When you finish serving, say to yourself the words of Luke 17:10, “I am only an unworthy servant; I’m just doing my duty.” Do that constantly and you will drive a stake through the heart of the ego with its never-satiated lust for recognition and appreciation.
7. When you delegate a task to a colleague, do so gently and kindly. And then do not abandon them.
“John, could you help me? I need you to chair this committee on parking lot greeters. We’re trying to set this up right so we can help people find their way in our church and to feel at home. Finding the right leader is crucial, and I think you’re just the person. What do you say?”
Do not say, “The Lord told me you are the person for this.” Doing that paints them into a corner. To reject it sounds like they’re saying the Lord misled you. Just be kind and ask them to do it.
Then, follow up. See number eight.
8. A good leader always follows up an assignment.
I had a staff member who went through a number of assistants rather quickly. Finally I decided to debrief one who was leaving. “He’s a wonderful person,” she said, “but he throws us into this office to do a hundred jobs and never shows us how. It’s so frustrating, and we hate to disappoint him.”
There are two ways to follow up: formally or informally. The first is to set up a meeting in the office and ask for a full report. “Hey Bob, could we get together tomorrow morning? I’d like to see how your assignment is coming along?” By giving advance notice, you give Bob time to get his act together. The second is to call on the phone (or stop in the hallway) and ask, “How’s that project coming? Anything I can do to help?”
If you appoint someone to a task but never follow up, you are almost guaranteeing either they will not do it or they’ll do it poorly. And it’ll be your fault.
9. When you find yourself with a person who has achieved success, pick their brains on lessons of leadership they learned along the way.
We never arrive. Leadership is an ongoing subject, with specific lessons and requirements for every field.
When the deacon’s wife was in surgery, he and I shared the hospital waiting room for several hours. Since he was a high administrator in a Washington D.C. agency and formerly president of the American Bankers Association, he had a great deal to teach his young pastor. I picked his brain and carry valuable lessons to this day.
10. Once your team has finished a project, thank the members.
There are a hundred ways to do this, some more appropriate than others. A huge project might require a public celebration of thanksgiving and recognition. Something lesser might require only a hand-written note in the mail.
“That the leaders led in Israel and the people volunteered, O bless the Lord!” (Judges 5:2)
That’s the ideal–leaders doing their job and the people stepping up and volunteering and serving well.
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- 2018Jan 11
I hate to see a young pastor get disillusioned by his first experience or two. But it happens, sad to say.
Those of us who have been in the field throughout all our adult years wish someone had told us a few things about this work. So, assuming we are speaking to beginning pastors, here are a few things we’d love to share…
1. They might not have told you how much fun pastoring can be.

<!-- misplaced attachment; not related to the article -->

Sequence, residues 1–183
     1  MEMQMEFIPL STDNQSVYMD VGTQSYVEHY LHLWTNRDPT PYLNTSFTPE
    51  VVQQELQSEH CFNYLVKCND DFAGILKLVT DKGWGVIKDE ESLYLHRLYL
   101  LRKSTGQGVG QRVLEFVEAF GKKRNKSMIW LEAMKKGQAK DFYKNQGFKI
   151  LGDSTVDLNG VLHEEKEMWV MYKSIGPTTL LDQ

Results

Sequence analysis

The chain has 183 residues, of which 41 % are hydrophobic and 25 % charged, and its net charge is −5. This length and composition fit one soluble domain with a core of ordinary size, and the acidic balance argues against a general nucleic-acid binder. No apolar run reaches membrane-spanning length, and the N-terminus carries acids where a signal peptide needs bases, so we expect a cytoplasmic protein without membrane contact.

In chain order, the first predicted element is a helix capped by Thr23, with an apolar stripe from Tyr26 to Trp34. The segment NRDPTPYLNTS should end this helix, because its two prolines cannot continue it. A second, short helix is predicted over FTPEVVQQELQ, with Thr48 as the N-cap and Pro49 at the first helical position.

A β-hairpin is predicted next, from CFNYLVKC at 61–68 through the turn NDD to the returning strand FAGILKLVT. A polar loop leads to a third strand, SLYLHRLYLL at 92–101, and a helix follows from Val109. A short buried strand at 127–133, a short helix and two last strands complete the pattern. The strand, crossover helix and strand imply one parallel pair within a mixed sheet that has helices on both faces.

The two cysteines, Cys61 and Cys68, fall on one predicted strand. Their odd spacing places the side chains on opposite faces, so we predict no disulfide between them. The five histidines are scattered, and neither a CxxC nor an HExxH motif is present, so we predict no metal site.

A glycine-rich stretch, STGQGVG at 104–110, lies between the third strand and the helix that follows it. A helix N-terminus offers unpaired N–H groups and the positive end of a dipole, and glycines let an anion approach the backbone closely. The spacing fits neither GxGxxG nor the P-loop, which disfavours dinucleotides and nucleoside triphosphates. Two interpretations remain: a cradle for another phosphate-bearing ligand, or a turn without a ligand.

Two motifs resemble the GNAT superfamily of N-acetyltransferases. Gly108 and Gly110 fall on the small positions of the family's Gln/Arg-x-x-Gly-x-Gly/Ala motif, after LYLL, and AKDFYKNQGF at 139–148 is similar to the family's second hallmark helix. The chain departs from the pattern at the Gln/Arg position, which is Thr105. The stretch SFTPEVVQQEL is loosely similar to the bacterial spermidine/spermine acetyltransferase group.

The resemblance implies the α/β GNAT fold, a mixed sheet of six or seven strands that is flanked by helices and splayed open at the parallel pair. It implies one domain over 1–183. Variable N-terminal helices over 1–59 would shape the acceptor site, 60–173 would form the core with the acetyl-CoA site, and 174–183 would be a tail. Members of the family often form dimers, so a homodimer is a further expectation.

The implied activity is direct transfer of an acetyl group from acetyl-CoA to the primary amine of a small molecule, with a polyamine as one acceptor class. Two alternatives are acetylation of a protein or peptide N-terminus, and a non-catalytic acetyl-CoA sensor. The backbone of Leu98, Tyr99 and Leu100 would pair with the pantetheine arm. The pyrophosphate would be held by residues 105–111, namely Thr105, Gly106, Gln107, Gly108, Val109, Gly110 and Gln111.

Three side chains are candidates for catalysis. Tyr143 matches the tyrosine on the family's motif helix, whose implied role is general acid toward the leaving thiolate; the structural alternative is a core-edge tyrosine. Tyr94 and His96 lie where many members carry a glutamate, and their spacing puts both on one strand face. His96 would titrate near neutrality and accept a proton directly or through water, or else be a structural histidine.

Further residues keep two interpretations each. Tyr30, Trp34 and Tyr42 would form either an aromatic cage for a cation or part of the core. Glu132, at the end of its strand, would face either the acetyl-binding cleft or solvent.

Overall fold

The redeemed of God are among the greatest people in the world (most of them) and they can enjoy life to the fullest. As pastor, you sometimes get to be in the thick of the fun. They love to laugh, to have adventures, and to encourage each other.
As pastor, you get to dream up programs and ideas that will affect your community, touch lives, transform homes, and reach the future–and then put it into effect with a huge corps of sweet-spirited workers as your team. How cool is that?
As for those who say working with church volunteers is not unlike herding cats, well, it can be a challenge sometimes. But that’s good also. God has not called us to a life of ease, but something difficult and good and eminently worthwhile.
2. They probably didn’t tell you there are often unexpected financial benefits to pastoring.
The government allows ministers to receive a housing allowance but pay no tax on it. And the church can set aside money for your mileage and other ministry expenses and cover them for you, instead of their coming out of your pocket. From time to time, generous church members may give you money, for no reason other than the goodness of their heart. Churches vary on this practice, of course, but of my six pastorates, two of them had generous members who took care of their preacher in this way. It was never a large amount, but a hundred dollars here and a hundred there can make life a lot easier.
A wealthy church member once bought me a new car. And wanted me to tell no one he had done it. A couple of times when my family was leaving on vacation, another member would walk across the street to my office and give me a few hundred dollar bills to help with expenses. Once he handed me a check for a thousand dollars to be put in the church account, but which I could use to help people. He wanted no tax credit for it, and I was accountable to no one but the Lord. (Those were different days then, and now we’d have more stringent rules as to how the pastor could draw on that account. But I never abused it. Oh, and he would replenish the funds from time to time. I was disappointed for any number of reasons when he died.)
3. They warned us to watch out for bullies among the deacons and eccentrics among the congregations, but no one prepared us for just how wonderful the great majority of the members would be.
Some of the most Christlike and wonderful people I’ve ever known have honored me by calling me “Pastor.” And a few stop me to this day to say, “You’ll always be my pastor.” That’s about as good as it gets.
4. They didn’t tell us that church staff members come in all shapes and varieties, and that some need close supervision and guidance, while others are self-starters and highly motivated without pastoral input.